Perceptions of private practice dietitians regarding the collection and use of outcomes data in primary healthcare practices: A qualitative study

Peter W. Clark, Lauren T. Williams, Amy Kirkegaard, Bryce Brickley, Lauren Ball

Research output: Contribution to journalArticlepeer-review

5 Citations (Scopus)


Background: Dietitians working in private practices in primary settings provide nutrition care to support individuals with the prevention and management of chronic disease. A better understanding of the type and usage of data collected by dietitians in this setting may provide insights to optimise the effectiveness and impact of the workforce. The present study explored the perceptions of leading Australian private practice dietitians on the collection and usage of data in their practice. 

Methods: A qualitative descriptive study of Australian private practice dietitians, recruited by snowball sampling, was conducted on their perceptions and attitudes towards collecting and using data. Data were collected by semi-structured interviews and all interview data were thematically analysed.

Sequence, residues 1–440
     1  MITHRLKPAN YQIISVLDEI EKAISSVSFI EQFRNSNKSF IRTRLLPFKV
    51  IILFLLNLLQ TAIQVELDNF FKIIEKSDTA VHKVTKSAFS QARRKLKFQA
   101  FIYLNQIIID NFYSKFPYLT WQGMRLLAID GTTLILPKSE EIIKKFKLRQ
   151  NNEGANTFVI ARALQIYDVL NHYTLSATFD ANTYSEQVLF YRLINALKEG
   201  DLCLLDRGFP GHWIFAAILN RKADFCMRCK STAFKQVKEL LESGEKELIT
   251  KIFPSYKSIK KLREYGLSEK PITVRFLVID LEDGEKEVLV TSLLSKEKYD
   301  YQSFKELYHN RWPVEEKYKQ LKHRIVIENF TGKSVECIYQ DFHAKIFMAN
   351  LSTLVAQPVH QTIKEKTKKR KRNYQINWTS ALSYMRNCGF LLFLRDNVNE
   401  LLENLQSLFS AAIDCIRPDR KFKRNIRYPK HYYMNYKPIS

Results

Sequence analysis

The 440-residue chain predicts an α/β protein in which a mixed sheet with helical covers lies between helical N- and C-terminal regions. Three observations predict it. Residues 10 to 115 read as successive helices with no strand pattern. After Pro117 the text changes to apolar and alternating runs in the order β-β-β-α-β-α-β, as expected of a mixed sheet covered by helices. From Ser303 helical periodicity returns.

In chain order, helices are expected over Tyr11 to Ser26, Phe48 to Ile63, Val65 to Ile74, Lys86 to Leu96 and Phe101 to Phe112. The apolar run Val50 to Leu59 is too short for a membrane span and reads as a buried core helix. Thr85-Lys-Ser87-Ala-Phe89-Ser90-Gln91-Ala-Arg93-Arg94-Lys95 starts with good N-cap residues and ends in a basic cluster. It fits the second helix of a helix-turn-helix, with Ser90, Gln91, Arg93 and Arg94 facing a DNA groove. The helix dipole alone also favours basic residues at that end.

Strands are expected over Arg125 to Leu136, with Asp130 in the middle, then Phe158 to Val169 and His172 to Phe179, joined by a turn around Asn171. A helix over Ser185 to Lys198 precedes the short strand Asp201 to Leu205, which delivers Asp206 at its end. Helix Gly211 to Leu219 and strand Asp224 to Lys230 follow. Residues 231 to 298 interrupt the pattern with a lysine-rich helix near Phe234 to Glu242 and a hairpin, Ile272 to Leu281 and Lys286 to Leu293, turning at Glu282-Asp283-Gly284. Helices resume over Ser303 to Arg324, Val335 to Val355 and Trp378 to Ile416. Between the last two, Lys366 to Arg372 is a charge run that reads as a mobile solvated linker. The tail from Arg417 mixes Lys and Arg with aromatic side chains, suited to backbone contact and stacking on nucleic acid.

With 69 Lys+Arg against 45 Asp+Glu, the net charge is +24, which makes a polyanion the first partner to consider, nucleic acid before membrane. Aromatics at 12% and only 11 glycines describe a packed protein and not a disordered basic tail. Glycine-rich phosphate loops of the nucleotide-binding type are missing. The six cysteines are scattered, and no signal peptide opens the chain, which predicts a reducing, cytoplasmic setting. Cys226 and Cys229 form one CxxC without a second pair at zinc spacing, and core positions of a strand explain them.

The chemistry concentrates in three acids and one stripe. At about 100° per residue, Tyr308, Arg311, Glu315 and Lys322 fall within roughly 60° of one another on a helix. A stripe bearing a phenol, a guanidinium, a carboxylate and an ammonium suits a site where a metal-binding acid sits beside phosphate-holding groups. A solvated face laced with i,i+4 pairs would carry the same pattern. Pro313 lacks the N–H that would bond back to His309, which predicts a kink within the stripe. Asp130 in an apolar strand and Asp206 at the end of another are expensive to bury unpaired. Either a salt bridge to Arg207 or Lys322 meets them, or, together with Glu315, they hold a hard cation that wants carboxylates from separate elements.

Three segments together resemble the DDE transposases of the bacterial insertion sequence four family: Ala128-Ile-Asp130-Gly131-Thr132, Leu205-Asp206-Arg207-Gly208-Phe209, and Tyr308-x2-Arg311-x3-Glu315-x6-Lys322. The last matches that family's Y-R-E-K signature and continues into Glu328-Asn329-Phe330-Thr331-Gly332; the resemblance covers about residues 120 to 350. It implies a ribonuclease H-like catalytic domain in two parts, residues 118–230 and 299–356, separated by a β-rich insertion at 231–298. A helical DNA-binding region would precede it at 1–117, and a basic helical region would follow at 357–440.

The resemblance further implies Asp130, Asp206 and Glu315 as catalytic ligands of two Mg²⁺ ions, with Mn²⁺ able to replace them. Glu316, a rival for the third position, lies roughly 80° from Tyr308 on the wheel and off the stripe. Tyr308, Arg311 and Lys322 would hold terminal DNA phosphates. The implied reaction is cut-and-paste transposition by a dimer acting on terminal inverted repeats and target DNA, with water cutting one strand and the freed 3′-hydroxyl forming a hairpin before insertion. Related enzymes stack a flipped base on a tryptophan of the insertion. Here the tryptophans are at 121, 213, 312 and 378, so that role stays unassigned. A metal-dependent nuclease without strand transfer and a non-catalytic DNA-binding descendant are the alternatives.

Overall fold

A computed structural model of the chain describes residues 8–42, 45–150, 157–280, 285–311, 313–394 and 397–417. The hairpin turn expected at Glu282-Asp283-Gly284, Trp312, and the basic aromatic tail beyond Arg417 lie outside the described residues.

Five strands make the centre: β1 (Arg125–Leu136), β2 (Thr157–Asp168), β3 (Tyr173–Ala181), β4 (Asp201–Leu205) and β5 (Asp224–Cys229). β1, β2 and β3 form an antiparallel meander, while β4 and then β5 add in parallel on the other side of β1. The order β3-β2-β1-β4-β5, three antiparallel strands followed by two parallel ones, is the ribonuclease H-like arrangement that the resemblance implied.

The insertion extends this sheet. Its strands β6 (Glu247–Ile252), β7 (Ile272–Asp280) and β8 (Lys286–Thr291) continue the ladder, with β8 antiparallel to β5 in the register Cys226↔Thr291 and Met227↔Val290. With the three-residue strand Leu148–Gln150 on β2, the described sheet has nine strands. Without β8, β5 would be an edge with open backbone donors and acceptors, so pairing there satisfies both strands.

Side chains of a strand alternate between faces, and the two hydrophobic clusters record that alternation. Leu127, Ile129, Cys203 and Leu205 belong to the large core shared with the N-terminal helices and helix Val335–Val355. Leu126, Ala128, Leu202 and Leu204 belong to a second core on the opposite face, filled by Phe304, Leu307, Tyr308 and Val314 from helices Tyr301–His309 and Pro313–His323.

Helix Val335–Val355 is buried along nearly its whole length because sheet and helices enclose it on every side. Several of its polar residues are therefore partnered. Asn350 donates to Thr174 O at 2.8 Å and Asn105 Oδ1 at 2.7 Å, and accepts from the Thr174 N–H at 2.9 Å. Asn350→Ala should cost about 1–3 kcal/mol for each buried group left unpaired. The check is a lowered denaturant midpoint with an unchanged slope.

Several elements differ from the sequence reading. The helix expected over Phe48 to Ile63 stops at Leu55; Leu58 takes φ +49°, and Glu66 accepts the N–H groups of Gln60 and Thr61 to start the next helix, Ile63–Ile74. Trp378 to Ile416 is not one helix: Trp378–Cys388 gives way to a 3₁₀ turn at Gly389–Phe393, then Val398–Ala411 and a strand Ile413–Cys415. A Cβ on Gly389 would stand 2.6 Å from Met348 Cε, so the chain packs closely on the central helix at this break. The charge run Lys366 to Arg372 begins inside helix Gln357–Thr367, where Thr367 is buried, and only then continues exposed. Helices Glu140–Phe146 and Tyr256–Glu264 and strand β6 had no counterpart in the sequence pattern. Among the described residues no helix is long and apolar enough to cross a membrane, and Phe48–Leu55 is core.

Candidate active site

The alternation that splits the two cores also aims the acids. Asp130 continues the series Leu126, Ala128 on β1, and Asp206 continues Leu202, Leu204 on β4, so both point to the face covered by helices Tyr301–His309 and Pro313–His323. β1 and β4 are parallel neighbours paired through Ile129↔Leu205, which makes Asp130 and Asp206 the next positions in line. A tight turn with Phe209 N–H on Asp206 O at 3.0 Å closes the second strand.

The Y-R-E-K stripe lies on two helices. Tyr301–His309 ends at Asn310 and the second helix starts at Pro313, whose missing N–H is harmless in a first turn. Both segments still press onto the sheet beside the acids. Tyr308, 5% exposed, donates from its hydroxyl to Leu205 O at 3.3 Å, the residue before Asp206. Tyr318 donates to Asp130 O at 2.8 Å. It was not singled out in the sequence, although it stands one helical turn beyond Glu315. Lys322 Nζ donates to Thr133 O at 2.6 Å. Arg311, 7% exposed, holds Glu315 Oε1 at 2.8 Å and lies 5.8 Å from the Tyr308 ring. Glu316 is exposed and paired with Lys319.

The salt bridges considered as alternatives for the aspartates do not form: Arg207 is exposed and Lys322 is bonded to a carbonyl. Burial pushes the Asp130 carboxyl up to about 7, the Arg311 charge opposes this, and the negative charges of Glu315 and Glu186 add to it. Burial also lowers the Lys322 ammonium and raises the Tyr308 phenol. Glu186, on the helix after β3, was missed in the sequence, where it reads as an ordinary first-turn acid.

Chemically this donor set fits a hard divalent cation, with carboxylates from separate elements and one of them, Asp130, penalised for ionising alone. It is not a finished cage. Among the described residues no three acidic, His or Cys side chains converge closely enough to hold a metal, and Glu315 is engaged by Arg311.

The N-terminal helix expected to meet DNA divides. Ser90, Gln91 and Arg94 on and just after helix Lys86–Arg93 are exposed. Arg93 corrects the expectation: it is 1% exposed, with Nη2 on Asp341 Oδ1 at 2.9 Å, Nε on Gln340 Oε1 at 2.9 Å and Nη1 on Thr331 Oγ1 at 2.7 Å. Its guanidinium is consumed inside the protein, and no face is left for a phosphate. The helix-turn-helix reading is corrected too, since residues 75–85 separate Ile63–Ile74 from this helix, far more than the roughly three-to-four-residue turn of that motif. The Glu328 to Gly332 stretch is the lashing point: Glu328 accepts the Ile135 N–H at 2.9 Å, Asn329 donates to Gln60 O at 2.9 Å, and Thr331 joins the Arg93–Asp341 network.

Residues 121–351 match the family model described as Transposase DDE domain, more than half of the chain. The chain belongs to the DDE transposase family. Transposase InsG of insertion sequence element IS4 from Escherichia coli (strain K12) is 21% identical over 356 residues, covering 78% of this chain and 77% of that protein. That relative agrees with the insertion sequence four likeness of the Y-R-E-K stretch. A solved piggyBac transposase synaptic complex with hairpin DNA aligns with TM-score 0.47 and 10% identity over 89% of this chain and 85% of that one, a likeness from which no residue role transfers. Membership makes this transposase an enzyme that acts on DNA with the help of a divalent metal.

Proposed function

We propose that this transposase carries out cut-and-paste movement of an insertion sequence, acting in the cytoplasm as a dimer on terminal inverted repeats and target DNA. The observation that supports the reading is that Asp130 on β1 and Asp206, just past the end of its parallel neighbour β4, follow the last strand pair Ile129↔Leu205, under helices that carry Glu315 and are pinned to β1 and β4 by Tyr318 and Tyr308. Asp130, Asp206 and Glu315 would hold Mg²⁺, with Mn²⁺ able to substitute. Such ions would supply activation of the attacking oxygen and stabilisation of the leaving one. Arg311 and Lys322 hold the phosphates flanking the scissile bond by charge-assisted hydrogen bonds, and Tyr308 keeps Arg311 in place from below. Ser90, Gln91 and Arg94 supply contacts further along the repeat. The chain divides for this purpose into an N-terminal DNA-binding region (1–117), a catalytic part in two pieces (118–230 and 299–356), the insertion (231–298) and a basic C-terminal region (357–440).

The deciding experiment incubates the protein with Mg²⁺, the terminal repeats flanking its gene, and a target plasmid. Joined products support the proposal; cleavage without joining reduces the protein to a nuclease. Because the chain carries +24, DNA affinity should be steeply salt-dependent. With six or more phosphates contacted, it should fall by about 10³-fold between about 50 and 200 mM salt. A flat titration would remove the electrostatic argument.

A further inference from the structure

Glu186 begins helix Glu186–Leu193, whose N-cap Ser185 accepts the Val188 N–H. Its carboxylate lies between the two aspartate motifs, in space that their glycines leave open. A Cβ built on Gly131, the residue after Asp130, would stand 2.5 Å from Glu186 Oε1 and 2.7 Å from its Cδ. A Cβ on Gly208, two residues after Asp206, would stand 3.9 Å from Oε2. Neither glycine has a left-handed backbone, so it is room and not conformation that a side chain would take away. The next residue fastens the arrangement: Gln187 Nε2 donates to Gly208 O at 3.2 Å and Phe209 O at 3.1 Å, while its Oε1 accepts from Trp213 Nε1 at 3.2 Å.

Results: Twenty-three dietitians participated. Five themes emerged: (i) collecting data is challenging, nuanced, unclearly defined and therefore not routinely carried out; (ii) consistent data collection processes are impeded by the diversity of practise and practices; (iii) business-related data collection is essential for sustainable dietetic services; (iv) clinical outcomes are fundamental to dietetic services; and (v) standardised, integrated systems are needed to enable routine data collection and synthesis. 

Conclusions: Our findings demonstrate the rudimentary role business acumen has in practice viability and provides evidence to potentially re-shape the future of dietetic education in Australia. Private practice dietitians may benefit from tools and training that enable consistent collection of data about their services. Such data could enable benchmarking across the workforce and contribute to a broader understanding of dietetic impact on public health.

Original languageEnglish
Pages (from-to)154-164
Number of pages11
JournalJournal of Human Nutrition and Dietetics
Issue number1
Publication statusPublished - Feb 2022
Externally publishedYes


  • benchmarking
  • business acumen
  • data collection
  • perceptions
  • qualitative research


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